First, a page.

Giuseppe Cobolli Gigli

From Wikipedia, the free encyclopedia
Jump to navigation Jump to search

Giuseppe Cobolli Gigli in Sardinia in 1938

Giuseppe Cobolli Gigli (28 May 1892, in Trieste – 22 July 1987, in Malnate) was an Italian politician, member of Benito Mussolini's fascist government from 1935 to 1939 as minister of Public Works.

Origins[edit]

According to Pietro Valente, Cobolli Gigli was born from Nicolò Cobol (Capodistria 1861 – Trieste 1931), elementary school teacher and Italian irredentist, to which Trieste has dedicated a Karst trail (the Napoleon) for his creation of municipal recreation centers during the Habsburg times.[1] The name was later changed to Cobolli during the Fascism. The addition of Gigli to the surname was related to the experience of irredentist fighting during the First World War. The unredeemed volunteer fighters in the Italian Army assumed a battle pseudonym to protect their families, and many joined it, as the war was over, to their last name, as element of honor[2] Again according to Valente, the children of Joseph Cobolli Gigli would be:

  • Sergio, Marine guard on an anti-submarine engine during World War II
  • Antongiulio, officer on the Russian Front, where he was wounded in combat
  • Niccolò, fighter pilot, who died in the skies of Greece and was decorated with the Gold Medal for Military Valour Memorial

Other sources, less detailed, reported Cobolli Gigli as being a member of a Slavic family. According to Giacomo Scotti,[3] "Giuseppe Cobolli Gigli, a minister of Public Works of the fascist era, son of Nikolaus Combol, Slovenian primary school teacher, born in 1863, the last name italianized spontaneously in 1928, since 1919 had given himself a pseudonym patriotic, Giulio Italico. Then when he became a fascist leader, he took a second surname, Gigli, giving itself a touch of nobility. " According to Federico Vincenti, the father of Cobolli Gigli was the Slovenian Nikolaus Kobolj[4] According to Claudio Sommaruga, Cobolli Gigli was the son of an elementary school teacher Nicholas Cobol, from Capodistria, and he first assumed the pseudonym of "Giulio Italico"[5][6] until Italianizing it in 1928 in the name Cobolli, and after becoming hierarch adding a second surname, Gigli.[6]

Veteran politician and fascist irredentist[edit]

Engineer, after having fought as irredentist in the First World War, he began his political career in the fascist movement in 1919, by producing under the pseudonym Giulio Italico the brochure Trieste, faithful of Rome".[2]

As a fascist ideologue,Giuseppe Cobol[7] wrote in the journal Gerarchia; in September 1927, in an article entitled " Fascism and the aliens ", as reported by Giacomo Scotti, Cobolli Gigli theorized the ethnic cleansing of Venezia Giulia, by replacing the 'alien' populations with native Italian settlers from other provinces the Kingdom. In the same article about Pazin, he reported that "The village lies on the edge of an abyss which the muse called foiba, a worthy place of burial for those who, in the province, threaten with bold claims the national characteristics of Istria.".[3]

Fascist Minister of Public Works[edit]

From 5 September 1935 till 31 October 1939, Cobolli Gigli was Minister of Public Works in Benito Mussolini's government, overseeing the great works carried out in the Italian colonies, a subject upon which he wrote the book Imperial Roads, published in 1938. He specialized in the development of road network in Ethiopia.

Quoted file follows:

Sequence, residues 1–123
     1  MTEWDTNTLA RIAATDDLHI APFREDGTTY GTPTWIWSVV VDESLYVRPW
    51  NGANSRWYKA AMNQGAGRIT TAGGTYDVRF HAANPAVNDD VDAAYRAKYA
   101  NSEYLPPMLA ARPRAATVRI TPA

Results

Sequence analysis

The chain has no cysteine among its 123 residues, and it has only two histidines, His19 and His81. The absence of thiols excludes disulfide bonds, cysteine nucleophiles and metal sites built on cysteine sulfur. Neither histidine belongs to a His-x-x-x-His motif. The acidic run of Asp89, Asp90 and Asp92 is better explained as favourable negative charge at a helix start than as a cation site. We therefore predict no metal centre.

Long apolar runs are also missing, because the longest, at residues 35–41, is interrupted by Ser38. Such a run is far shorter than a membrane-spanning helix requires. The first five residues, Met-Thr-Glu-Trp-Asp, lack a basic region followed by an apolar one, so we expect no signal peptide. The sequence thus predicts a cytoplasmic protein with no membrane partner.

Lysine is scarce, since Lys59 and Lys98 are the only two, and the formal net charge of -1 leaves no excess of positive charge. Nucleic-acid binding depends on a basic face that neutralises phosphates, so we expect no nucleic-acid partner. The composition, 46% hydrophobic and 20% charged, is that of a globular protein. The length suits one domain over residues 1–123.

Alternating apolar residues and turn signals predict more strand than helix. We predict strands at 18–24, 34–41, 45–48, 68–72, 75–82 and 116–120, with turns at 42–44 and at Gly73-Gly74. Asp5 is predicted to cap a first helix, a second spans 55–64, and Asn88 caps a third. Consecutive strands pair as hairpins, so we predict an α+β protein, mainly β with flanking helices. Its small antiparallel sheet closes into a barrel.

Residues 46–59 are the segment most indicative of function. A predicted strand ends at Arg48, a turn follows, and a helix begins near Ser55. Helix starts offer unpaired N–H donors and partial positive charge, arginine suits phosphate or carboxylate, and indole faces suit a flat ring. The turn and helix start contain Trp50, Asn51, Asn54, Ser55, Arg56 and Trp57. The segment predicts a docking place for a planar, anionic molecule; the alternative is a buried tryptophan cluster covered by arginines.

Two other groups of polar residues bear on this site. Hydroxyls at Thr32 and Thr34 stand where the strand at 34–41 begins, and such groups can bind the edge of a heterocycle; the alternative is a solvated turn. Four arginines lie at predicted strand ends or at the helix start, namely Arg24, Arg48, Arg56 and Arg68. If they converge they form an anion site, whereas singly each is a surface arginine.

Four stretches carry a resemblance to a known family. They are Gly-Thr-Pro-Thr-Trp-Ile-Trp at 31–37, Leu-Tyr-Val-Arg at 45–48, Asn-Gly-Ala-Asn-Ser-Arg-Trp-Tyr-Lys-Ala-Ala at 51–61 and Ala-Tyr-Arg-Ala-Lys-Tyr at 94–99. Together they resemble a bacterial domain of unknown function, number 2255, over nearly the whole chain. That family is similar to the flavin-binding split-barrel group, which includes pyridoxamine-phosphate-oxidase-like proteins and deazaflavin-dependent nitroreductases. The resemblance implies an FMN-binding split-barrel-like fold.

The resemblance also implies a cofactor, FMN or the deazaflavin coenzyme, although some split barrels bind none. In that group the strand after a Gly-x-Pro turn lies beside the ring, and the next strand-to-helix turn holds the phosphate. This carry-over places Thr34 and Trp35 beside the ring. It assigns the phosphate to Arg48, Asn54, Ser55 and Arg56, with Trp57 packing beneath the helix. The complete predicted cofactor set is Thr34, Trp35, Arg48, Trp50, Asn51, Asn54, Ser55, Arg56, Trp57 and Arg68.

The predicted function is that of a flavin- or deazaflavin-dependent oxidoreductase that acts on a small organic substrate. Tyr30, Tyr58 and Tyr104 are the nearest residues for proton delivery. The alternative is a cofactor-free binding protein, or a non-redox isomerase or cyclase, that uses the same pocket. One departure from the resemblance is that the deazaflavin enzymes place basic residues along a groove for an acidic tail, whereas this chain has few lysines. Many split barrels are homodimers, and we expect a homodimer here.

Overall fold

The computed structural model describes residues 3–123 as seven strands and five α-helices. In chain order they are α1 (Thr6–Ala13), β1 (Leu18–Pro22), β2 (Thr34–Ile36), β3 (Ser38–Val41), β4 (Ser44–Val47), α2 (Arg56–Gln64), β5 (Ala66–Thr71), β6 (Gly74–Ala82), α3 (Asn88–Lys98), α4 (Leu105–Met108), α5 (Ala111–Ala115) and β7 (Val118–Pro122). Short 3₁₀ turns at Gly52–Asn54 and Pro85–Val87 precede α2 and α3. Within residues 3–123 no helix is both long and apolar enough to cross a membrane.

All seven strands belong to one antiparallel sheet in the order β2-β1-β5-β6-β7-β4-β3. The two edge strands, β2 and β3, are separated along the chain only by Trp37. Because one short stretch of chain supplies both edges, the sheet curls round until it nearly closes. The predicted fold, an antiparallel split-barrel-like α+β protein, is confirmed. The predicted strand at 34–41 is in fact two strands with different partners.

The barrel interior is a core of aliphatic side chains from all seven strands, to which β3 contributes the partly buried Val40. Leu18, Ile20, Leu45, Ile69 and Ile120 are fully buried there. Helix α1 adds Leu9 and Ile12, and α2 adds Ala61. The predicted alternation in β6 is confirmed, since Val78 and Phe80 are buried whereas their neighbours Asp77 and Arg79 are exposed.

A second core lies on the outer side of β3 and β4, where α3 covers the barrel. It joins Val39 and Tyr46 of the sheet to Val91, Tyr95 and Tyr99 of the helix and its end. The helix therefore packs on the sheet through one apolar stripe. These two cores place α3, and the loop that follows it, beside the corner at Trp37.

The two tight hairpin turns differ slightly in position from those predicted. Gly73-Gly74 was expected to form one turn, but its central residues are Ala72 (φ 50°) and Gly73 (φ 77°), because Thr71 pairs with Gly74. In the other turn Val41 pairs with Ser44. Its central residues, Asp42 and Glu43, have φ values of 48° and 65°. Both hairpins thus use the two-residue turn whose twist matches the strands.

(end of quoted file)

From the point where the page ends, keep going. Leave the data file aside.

Works[edit]

  • Giulio Italico, Trieste, the faithful of Rome, Ed Lattes, Torino 1919
  • Cobolli G., Great work in the caves of S. Canziano, The streets of Italy, Milan 1933: 471
  • Cobolli Gigli G., measures water in Venezia Giulia in the first decade of Fascist Acts 1 º Congr. Interregional Association of Engineers of the Tre Venezie, Trieste 1933: 125–130
  • Roadsimperial- Giuseppe Cobolli Gigli. – Milano: A. Mondadori, 1938. – 202 p., (38) c. of pi. : Ill., 25 cm + 19 c. of pi. fallback.

Notes[edit]

  1. ^ Brief notes about Nicolò Cobol (Cobolli).
  2. ^ a b The Alarm Archived 22 July 2011 at the Wayback Machine, September 2007
  3. ^ a b James Scott, "The memory selected, and falsified history", in Daniel Antoni (ed.), historical revisionismandborderlands, Kappa Vu, Udine, 2007, available at / A / ANTONI-D_revisionismo.htm Tecalibri.info
  4. ^ Federico Vincenti article from the magazine of the Association National Partisans of Italy, which speaks of Cobolli Gigli / Kombol Archived 19 October 2007 at the Wayback Machine
  5. ^ 20commenti/radici 20fasciste 20foibe%%% 20 +. Claudio Sommaruga pdf, "ROOTS OF FASCIST" Cave " AND PRISONERS OF TITO, "ANPI Pianoro
  6. ^ a b Claudio Sommaruga, The sinkholes and Tito's partisans Archived 22 July 2011 at the Wayback Machine taken from "Review" magazine 's ANRP (National Association of Veterans from the prison of the Interior and the War of Liberation), March / April 2007
  7. ^ quoted in Rolf Wörsdörfer,Krisenherd Adria 1915–1955: Konstruktion und des nationalen Artikulation= PA255 & lpg = PA255 & dq =% E2% 80% 9CIl + fascism + and + the + aliens% E2% 80% 9D & source = bl & ots = vm0W7fHWdR & Mr = rMjLOU7XFcRd2e7wLi_uIEh1EZ8 & hl = en & ei = zw-pTMXuKMXHsway7MWwDA & sa = X & s = book_result & ct = result & resnum = 4 & see = 0CCEQ6AEwAzge # v = onepage & q =% E2% 80% 9CIl% 20fascismo% 20and% 20to% 20allogeni% E2% 80% 9D & f = false

References[edit]